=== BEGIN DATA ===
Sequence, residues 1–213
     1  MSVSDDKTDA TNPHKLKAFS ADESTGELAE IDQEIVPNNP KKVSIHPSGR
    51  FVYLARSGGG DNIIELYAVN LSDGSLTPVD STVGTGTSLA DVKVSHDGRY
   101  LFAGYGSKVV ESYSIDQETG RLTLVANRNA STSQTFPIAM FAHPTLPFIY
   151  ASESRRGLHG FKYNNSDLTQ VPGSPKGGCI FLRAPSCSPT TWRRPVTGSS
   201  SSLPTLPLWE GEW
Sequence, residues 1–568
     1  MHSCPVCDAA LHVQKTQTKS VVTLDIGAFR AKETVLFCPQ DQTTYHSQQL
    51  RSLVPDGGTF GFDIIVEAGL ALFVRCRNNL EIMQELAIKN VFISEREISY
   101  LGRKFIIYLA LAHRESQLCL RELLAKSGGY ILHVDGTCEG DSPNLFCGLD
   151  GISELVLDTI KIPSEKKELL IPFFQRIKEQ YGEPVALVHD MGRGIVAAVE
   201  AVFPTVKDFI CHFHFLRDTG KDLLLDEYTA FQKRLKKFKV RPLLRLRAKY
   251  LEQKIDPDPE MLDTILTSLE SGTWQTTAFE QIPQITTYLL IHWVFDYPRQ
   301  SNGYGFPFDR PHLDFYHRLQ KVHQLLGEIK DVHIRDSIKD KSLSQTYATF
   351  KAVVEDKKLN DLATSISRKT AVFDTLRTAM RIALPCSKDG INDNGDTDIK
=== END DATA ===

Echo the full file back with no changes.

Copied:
Sequence, residues 1–213
     1  MSVSDDKTDA TNPHKLKAFS ADESTGELAE IDQEIVPNNP KKVSIHPSGR
    51  FVYLARSGGG DNIIELYAVN LSDGSLTPVD STVGTGTSLA DVKVSHDGRY
   101  LFAGYGSKVV ESYSIDQETG RLTLVANRNA STSQTFPIAM FAHPTLPFIY
   151  ASESRRGLHG FKYNNSDLTQ VPGSPKGGCI FLRAPSCSPT TWRRPVTGSS
   201  SSLPTLPLWE GEW
Sequence, residues 1–568
     1  MHSCPVCDAA LHVQKTQTKS VVTLDIGAFR AKETVLFCPQ DQTTYHSQQL
    51  RSLVPDGGTF GFDIIVEAGL ALFVRCRNNL EIMQELAIKN VFISEREISY
   101  LGRKFIIYLA LAHRESQLCL RELLAKSGGY ILHVDGTCEG DSPNLFCGLD
   151  GISELVLDTI KIPSEKKELL IPFFQRIKEQ YGEPVALVHD MGRGIVAAVE
   201  AVFPTVKDFI CHFHFLRDTG KDLLLDEYTA FQKRLKKFKV RPLLRLRAKY
   251  LEQKIDPDPE MLDTILTSLE SGTWQTTAFE QIPQITTYLL IHWVFDYPRQ
   301  SNGYGFPFDR PHLDFYHRLQ KVHQLLGEIK DVHIRDSIKD KSLSQTYATF
   351  KAVVEDKKLN DLATSISRKT AVFDTLRTAM RIALPCSKDG INDNGDTDIK